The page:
Our data indicates, however, that a price cut from either system plays a minimal role in affecting the others' sales, with the most recent example being the September 2008 price cut by Microsoft.
While Xbox 360 weekly sales jumped by 42 percent, it played no role in hindering PlayStation 3 sales, which actually saw a small (.1 percent) increase.
In the same respect, looking back to last year, the PlayStation 3 had a 100 percent increase in weekly sales following its July 2007 price cut, but was of no nuisance to the Xbox 360, which achieved a 7 percent gain in the same month.
While it is tough to conclude using only a few data sets, both situations show an emerging trend -- a price cut for one system does not hinder sales of the competition.
While I still maintain my original analysis that the current PlayStation 3 price point is too steep to spur sales this holiday season, it may not affect its overall potential install base in the end.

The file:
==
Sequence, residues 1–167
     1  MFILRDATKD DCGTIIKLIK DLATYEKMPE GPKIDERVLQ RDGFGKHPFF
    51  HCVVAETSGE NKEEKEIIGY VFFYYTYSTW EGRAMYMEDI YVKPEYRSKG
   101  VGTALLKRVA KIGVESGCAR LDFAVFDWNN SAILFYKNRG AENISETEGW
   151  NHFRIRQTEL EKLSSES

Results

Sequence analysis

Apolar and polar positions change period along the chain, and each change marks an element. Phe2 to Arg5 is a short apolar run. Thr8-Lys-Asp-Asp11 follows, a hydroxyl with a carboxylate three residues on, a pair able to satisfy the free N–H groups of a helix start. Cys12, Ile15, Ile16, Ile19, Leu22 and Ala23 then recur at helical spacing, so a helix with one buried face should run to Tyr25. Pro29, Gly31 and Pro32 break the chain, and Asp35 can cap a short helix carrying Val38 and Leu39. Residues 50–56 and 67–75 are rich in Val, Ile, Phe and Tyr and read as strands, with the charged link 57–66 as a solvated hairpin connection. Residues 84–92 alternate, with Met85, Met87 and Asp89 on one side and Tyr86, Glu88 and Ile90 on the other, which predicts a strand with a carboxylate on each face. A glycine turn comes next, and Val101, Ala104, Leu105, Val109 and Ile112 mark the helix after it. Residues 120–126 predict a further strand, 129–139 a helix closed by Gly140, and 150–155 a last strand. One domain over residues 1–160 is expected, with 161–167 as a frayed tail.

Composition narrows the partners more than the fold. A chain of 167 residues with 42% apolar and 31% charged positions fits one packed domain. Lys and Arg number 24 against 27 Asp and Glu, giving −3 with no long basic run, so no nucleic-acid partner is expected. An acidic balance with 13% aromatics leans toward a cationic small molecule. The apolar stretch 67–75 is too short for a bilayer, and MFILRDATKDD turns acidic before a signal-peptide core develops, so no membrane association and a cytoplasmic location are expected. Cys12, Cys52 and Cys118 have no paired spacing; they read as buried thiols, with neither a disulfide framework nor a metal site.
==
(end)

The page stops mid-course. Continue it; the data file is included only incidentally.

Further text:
In other words, those potential PlayStation 3 owners who are turned off by the current high price point may just delay their purchase until prices come down, instead of buying the cheaper Xbox 360.
Of course, that would only be true if pricing was the only differentiating feature that drove hardware sales, and, as we will see tomorrow, there is another factor -- exclusive releases -- that plays a much bigger differentiating role than hardware pricing.
We should note that we could not find any practical data points looking at sixth generation consoles since most price cuts between the original Xbox and the PlayStation 2 happened simultaneously.
[Jesse Divnich currently serves as the director of analytical services at Electronic Entertainment Design and Research (EEDAR). The preceding is the views and opinions of one person and not of EEDAR, The simExchange, GamerMetrics, or Gametrailers.]